In 2013, KATRINA EBONY truly began to transition and evolve into her womanhood. Her status amongst the ballroom circuit has skyrocketed as her fem queen vogue performances have stunned audiences across the country. Katrina is considered to be one of the fairly ‘new girls’. However, her performances are quickly being hailed by ballroom Legends and Icons as the new standard. Katrina’s confidence and poise on the ballroom floor gives her a certain ‘IT’ factor above her contemporaries. She vogues soft and dramatic when the moment calls. Lately, whenever Im surfing through the amazing videos filmed by Ceasar of BallroomThrowbacks, Im zoned into the new clips that surface of Katrina.


EVERYONE seems to be well versed in the art and performance of Mother Leyomi Prodigy. However, there are indeed other talented ladies on the scene who are putting the crowds on notice. Get into Miss. Katrina Ebony, below…

‘Orange Is The New Black’ Star, Laverne Cox Bounces To Beyonce Before Delivering A Moving Speech About Transgender Struggles


Yesterday, LAVERNE COX, actress and star of the runaway hit series, ‘Orange Is The New Black‘ spoke at the opening ceremony for the ‘Creating Change‘ conference. The conference is being hosted by The National Gay and Lesbian Task Force in Houston, Texas. 

After being introduced by one of the chairpersons, Laverne Cox walks towards the podium as Beyonce’s ‘Bow Down/Flawless’ plays from the loud speakers. I think that was the perfect song to segway into Laverne Cox’s speech, as she spoke intimately about her struggles as a transgender woman living in this country. She taps into the fact that she is undoubtedly a black, transgender woman. Laverne mentioned that she stems from a working class background where she was raised by her single mother. I enjoyed the speech, for Laverne Cox’s words paint a vivid reality of the obstacles that trans women especially, are forced to jump through, push over and toss aside in order to be respected as human beings, first.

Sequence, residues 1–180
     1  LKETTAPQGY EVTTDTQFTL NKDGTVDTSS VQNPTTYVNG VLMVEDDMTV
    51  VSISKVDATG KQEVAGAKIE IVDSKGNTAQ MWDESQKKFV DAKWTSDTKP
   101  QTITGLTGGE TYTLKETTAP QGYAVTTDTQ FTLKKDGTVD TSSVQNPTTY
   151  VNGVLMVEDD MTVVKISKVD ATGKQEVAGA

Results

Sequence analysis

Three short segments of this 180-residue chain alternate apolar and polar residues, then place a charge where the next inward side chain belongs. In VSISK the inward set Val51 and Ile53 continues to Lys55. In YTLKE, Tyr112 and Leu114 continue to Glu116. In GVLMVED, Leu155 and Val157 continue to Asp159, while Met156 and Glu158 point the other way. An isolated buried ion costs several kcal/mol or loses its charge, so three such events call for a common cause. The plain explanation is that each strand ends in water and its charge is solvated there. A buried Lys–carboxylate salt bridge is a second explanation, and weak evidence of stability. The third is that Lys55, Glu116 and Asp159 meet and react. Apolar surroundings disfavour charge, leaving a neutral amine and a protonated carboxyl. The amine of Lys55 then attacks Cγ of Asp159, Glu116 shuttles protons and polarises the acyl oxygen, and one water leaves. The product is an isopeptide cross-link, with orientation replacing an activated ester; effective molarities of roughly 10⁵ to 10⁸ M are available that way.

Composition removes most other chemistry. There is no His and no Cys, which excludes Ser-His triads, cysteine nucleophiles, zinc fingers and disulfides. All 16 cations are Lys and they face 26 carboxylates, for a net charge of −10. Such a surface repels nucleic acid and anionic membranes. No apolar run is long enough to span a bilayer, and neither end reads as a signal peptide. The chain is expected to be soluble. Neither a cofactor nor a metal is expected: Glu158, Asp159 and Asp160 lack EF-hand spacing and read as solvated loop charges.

I often read the negative comments that are posted beneath the photos that Amiyah Scott posts via her Instagram page. I see the hatred and ignorance that is written online in the comment sections of videos and blog posts that focus on transgender women. Their daily challenges seem to be a lot tougher and heavier than what I have ever experienced in the 13 years that Ive lived as an out, gay man. It’s very disappointing, quite honestly. One of my closest and dearest friends is a transgender woman who experienced the backlash of the ways in which trans girls were treated in the 80’s and early 90’s. Some of the stories that she has shared with me as it pertains her life directly and those trans women who stood alongside her are quite heartbreaking. Black, transgender women are often even ostracized from the ‘mainstream’ black, gay community. We do not embrace these beautiful creatures beyond the stigmas and stereotypes that society has already placed upon them. It’s 2014, and the effort on part of the LGBT community alone isn’t inclusive of transgender individuals on the street level. The acceptance may be a little more obvious in the upper echelon’s of the LGBT decision making groups. However, amongst the common crowd that exists between day to day tasks, transgender women are still mistreated and marginalized harshly.

Watch and Listen to Laverne’s very moving speech, below